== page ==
Fig : Age wise time Horizon Explanation:Time Horizon is very much important for an investor because it determines the time period the investor need to invest and the market conditions during that time. More the time horizon the risk diluted more. Those who invest for very few years (<3 years) the are the short term Bank and the risk takers. They usually invest for the high gain in short term. The above bar graph shows that age group 18-30 years dominating in this sector. Most of the respondents are in the 3-5 years group. They remain invested for the a full cycle of bear turn and bull turn. The age group of 31-40 years are likely to remain invested in 6-9 years because if they could invest in the beginning of the bull turn then they can make highest profit after 3 market cycle. Only the Real Estate Bank wants to invested more than 10 years.


Fig : Age wise negative return acceptability. Expalnation :Negative return acceptability shows the risk tolerence, as shown before risk tolerence is more in 18-30 years age group, this graph also shows that least risk tolerence group is 31-40 years age group. The age group of >50 years are also risk averse they can not tolerate any fluctuuation in return part in longer time but they can tolerate minute losses in 7 and 3 years return. 18-30 year age group response are evenly distributed in all ranges of negative return acceptibility.


Fig : Disposible income-wise Risk tolerence Explanation:Disposible income gives the power of investment to the investor. But the risk tolerence is the mind set of individual Bank. I have tried to corelate these two. This graph shows that different disposible income group has different risk tolerence. The < 5,000 Rs income group is with moderate risk takers. The disposible income group of 5,000-10,000 Rs are more risk takers than the previous one. Though the response of this group is more concern about the moderate risk. The next group 10,000-15,000 Rs has diversified their risk, this group tend to invest in diversified intrument where risk is diluted due to diversity of risk profile. The 15,000-20,000 Rs disposible income group is the most risk takers in all the groups.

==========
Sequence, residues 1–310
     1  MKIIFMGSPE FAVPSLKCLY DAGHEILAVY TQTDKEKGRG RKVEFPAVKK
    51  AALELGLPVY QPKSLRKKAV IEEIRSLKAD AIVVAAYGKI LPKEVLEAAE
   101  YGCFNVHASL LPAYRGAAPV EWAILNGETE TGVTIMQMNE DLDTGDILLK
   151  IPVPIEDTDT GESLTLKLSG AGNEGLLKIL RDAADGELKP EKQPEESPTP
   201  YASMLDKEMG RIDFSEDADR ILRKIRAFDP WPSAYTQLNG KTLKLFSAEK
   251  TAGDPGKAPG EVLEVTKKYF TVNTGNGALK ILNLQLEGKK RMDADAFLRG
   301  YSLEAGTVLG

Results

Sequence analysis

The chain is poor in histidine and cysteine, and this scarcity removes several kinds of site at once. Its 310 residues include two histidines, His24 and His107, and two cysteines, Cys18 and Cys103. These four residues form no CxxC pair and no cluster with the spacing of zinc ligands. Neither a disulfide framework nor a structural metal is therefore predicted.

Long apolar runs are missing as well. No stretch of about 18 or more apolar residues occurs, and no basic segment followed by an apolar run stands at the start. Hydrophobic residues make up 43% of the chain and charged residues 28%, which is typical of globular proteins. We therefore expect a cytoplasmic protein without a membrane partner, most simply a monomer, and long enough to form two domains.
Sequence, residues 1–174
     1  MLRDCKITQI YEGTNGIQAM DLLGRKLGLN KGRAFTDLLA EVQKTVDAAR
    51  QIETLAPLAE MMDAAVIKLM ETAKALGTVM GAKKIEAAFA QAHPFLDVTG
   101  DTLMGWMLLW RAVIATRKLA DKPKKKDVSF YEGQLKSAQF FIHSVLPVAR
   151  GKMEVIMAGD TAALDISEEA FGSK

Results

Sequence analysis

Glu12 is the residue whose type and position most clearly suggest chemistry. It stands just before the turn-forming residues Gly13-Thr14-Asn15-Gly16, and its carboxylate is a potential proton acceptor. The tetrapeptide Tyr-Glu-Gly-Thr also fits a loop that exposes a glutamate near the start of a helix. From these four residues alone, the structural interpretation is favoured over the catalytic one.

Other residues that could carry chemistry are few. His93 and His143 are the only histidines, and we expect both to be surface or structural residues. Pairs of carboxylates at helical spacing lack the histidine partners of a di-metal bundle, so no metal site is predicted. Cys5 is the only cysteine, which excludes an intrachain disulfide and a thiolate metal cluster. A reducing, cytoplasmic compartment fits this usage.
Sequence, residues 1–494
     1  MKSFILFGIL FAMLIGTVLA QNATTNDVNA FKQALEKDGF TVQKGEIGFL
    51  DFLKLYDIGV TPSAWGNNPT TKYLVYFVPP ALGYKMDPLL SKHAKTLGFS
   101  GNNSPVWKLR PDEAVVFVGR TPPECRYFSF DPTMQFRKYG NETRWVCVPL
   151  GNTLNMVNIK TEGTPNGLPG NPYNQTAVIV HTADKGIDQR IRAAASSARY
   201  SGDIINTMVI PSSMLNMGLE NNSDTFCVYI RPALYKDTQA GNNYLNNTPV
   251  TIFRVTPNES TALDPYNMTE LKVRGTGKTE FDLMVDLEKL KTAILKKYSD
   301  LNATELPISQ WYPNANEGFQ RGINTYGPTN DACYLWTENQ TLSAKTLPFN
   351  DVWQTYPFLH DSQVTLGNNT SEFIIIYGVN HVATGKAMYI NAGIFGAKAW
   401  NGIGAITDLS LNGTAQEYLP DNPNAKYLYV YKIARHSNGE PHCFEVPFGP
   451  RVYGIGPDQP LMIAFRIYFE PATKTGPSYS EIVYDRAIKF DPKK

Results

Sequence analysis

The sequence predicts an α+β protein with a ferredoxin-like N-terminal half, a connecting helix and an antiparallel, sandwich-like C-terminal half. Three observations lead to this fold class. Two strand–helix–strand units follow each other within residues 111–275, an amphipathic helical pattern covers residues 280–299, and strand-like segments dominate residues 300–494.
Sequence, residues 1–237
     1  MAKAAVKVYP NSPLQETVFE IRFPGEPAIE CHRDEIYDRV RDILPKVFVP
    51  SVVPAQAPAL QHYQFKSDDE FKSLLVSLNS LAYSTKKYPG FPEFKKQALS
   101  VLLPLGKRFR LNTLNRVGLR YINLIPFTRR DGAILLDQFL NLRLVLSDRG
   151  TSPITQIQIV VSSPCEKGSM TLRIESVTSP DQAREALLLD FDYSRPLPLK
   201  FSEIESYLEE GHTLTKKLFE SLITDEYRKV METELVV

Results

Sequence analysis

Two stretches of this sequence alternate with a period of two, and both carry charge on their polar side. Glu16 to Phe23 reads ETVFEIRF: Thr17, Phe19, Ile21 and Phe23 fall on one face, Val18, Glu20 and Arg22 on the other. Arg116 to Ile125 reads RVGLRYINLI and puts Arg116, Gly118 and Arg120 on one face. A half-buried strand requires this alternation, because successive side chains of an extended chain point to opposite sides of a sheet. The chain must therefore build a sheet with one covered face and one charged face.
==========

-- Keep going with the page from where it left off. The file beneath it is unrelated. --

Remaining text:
Relation Between Disposible income & Time Horizon

Fig:Disposible income wise time horizon Explanation:Time horizon decides the tenure the investor remain invested in the market. This depics the investment potential along with risk tolerence. The above graph shows that the Disposible income group of > 20,000 Rs are intended to quick return,so they intended to invest for below 3 years. 36% of respondent from more than 20,000 Rs group. The disposible income group of 5,000-10,000 tend to invest for 3-5 years and > 10 years span. Where as 10,000-15,000 Rs disposible income group is predominently invested in the 6-9 years span.


Fig: Disposible income wise investment focus Explanation:Investment focus is the primary mind set of the investor, before investment he/she always try to find out the proirity of the investment and the suitable savings to invest. Here in every disposible income group Tax savings is one of the main primary focus. But it has seen that 10,000-15,000 Rs group is more end towards the Capital Preservation & Tax savings. The above 20,000 Rs disposible income group are not focused towards the Retirement, they are focus to tax savings. The 15,000-20,000 disposible income group has a primary focus of all the priorities. This is the group which has a mind set of all the rpimary focuses.